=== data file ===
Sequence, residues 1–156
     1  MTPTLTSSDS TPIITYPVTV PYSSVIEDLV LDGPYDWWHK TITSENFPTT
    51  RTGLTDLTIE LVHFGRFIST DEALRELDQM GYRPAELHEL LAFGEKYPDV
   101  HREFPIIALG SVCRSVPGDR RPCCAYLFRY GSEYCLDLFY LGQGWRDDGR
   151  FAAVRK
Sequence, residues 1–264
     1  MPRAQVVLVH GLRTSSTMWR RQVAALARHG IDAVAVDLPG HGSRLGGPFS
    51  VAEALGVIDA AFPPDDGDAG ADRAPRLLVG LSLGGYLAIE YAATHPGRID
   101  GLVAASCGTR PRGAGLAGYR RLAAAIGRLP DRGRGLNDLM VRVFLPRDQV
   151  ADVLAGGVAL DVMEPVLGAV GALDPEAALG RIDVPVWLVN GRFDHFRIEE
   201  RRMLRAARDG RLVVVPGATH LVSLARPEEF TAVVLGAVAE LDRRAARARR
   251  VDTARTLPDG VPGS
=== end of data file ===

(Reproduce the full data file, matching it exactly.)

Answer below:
Sequence, residues 1–156
     1  MTPTLTSSDS TPIITYPVTV PYSSVIEDLV LDGPYDWWHK TITSENFPTT
    51  RTGLTDLTIE LVHFGRFIST DEALRELDQM GYRPAELHEL LAFGEKYPDV
   101  HREFPIIALG SVCRSVPGDR RPCCAYLFRY GSEYCLDLFY LGQGWRDDGR
   151  FAAVRK
Sequence, residues 1–264
     1  MPRAQVVLVH GLRTSSTMWR RQVAALARHG IDAVAVDLPG HGSRLGGPFS
    51  VAEALGVIDA AFPPDDGDAG ADRAPRLLVG LSLGGYLAIE YAATHPGRID
   101  GLVAASCGTR PRGAGLAGYR RLAAAIGRLP DRGRGLNDLM VRVFLPRDQV
   151  ADVLAGGVAL DVMEPVLGAV GALDPEAALG RIDVPVWLVN GRFDHFRIEE
   201  RRMLRAARDG RLVVVPGATH LVSLARPEEF TAVVLGAVAE LDRRAARARR
   251  VDTARTLPDG VPGS